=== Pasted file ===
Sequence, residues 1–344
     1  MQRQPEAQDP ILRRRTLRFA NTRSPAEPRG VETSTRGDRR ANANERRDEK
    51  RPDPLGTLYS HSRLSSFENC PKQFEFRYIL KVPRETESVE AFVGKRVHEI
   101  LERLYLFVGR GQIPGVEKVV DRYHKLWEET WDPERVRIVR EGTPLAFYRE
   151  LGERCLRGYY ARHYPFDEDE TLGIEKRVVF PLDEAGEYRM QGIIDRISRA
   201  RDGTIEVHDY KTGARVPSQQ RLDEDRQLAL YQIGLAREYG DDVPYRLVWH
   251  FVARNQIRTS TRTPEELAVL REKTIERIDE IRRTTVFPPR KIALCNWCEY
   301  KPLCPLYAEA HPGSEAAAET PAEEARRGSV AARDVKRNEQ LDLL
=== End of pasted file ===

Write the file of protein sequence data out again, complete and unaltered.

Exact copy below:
Sequence, residues 1–344
     1  MQRQPEAQDP ILRRRTLRFA NTRSPAEPRG VETSTRGDRR ANANERRDEK
    51  RPDPLGTLYS HSRLSSFENC PKQFEFRYIL KVPRETESVE AFVGKRVHEI
   101  LERLYLFVGR GQIPGVEKVV DRYHKLWEET WDPERVRIVR EGTPLAFYRE
   151  LGERCLRGYY ARHYPFDEDE TLGIEKRVVF PLDEAGEYRM QGIIDRISRA
   201  RDGTIEVHDY KTGARVPSQQ RLDEDRQLAL YQIGLAREYG DDVPYRLVWH
   251  FVARNQIRTS TRTPEELAVL REKTIERIDE IRRTTVFPPR KIALCNWCEY
   301  KPLCPLYAEA HPGSEAAAET PAEEARRGSV AARDVKRNEQ LDLL